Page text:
I don’t necessarily say that to guilt you, but rather to help you understand that each and every day we make decisions based on what we value or what we treasure. And most of us aren’t deliberate in choosing our treasure wisely. The world tells us what is valuable, and like lemmings, we join in the race to gather up as much of that treasure as possible. In this world of social media, what is valuable is being famous and being noticed, so people en masse constantly parade themselves and their every activity online in an endless effort to be noticed. Why is that? Have you ever thought about the actual value of getting 100 likes? Yeah it’s a big number, but why is it so valuable? It’s important to the world, so we assume there must be value to it.

What we need to do is construct a system of value that is not tied to the latest shiny object the world is chasing after, but to what is truly valuable. Occasionally you’ll hear of someone who buys a nearly priceless work of art at a garage sale for $20, and we think to ourselves, “that poor person who sold that had no idea of the value of their painting that sat in the garage for the last 45 years. If only they had known, how different would their lives have been?” And I think we as Christians far too often find ourselves, not like the art dealer who bought the DaVinci for $20, but more like the person who sold the painting. We possess, in Christ, a treasure of inestimable, eternal value, but how many of us, like Judas, would be willing to sell it all away for thirty pieces of silver?

You see, to our shame, many of us understand the value of silver far more than we understand the value of the things of God in Christ. As is demonstrated in John’s gospel so often, many people only value Jesus as highly as the money, or the comfort, or the entertainment they think they can get out of Him. There are far more Judases sitting in churches all across this world than we would care to admit: people who are singing to Jesus, praying to Jesus, weeping before Jesus, wanting to hear His voice, but not in a plea that He would forgive their wretched sins, and not that He would use them to bring honor to His name, and not to affirm their willingness to be used in any way for the advancement of His kingdom no matter how painful the road might be, but rather worshiping Him in order that He would take away all their problems and fill up their bank accounts. That’s a telling statement people make about how they value Jesus.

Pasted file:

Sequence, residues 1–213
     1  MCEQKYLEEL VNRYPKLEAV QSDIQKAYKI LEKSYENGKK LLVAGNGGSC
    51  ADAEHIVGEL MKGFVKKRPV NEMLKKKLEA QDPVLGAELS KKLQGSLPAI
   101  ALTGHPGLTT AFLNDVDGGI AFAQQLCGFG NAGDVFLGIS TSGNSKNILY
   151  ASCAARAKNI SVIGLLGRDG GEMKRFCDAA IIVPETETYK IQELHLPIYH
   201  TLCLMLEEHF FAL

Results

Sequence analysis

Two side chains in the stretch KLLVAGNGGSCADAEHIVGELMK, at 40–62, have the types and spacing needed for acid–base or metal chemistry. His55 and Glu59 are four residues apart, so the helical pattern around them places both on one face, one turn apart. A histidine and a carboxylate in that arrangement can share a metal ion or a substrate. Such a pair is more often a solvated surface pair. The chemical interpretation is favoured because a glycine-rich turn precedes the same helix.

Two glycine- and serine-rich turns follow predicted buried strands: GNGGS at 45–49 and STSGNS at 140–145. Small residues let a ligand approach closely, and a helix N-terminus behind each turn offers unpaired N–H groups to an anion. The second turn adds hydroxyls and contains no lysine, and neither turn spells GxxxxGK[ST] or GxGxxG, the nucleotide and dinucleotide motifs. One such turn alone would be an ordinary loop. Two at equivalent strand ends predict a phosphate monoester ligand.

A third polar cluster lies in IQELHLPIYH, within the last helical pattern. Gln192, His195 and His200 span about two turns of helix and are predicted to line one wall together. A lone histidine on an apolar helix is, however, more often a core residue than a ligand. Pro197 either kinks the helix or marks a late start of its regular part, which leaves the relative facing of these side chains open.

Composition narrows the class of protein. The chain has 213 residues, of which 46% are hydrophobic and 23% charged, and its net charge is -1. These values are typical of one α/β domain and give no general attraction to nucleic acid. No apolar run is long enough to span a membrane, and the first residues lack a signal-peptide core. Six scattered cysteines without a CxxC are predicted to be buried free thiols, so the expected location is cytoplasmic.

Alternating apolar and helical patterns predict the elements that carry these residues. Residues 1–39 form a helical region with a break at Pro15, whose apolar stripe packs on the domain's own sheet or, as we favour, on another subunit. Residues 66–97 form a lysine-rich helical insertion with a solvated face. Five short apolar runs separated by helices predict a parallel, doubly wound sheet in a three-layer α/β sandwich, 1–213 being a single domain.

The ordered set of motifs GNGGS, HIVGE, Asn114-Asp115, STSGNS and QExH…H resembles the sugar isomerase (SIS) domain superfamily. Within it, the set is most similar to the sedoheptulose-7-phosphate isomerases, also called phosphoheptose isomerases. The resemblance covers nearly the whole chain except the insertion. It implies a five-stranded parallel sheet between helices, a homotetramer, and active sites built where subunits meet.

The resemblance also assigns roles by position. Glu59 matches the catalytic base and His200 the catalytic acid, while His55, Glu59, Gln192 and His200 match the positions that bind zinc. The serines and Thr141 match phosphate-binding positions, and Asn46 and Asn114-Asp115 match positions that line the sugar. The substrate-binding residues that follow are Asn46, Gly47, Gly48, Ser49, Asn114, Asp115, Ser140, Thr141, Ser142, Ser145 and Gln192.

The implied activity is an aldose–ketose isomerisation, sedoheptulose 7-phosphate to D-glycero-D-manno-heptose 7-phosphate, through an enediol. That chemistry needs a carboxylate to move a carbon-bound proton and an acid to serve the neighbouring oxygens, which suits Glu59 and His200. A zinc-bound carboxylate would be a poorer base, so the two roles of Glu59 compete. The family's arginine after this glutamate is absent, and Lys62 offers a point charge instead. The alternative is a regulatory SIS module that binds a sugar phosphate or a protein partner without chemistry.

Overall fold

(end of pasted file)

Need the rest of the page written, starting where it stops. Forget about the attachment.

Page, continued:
If God says something is of value more value than another thing, we need to pay attention. The Federal Reserve doesn’t determine how valuable something is, and really the free market doesn’t determine real value either; God does. So these texts which give us comparisons between two things and give us God’s determination as to which is more valuable are immensely helpful, and it’s my hope and prayer that we learn to value what God values, so that we are constantly choosing the better, the more valuable, the greater treasure.

ed. note: this taken from a sermon I preached in November of 2013, during a little gap between preaching through the books of John and Ephesians, which I filled with some of those sermons that had been percolating in my mind for some time but I didn’t have a place to preach them so long as I was working through a book series.
Photo credit to my dear wife. I use it here in gratitude to John Piper for his famous line, “Look Lord, see my shells!” -jr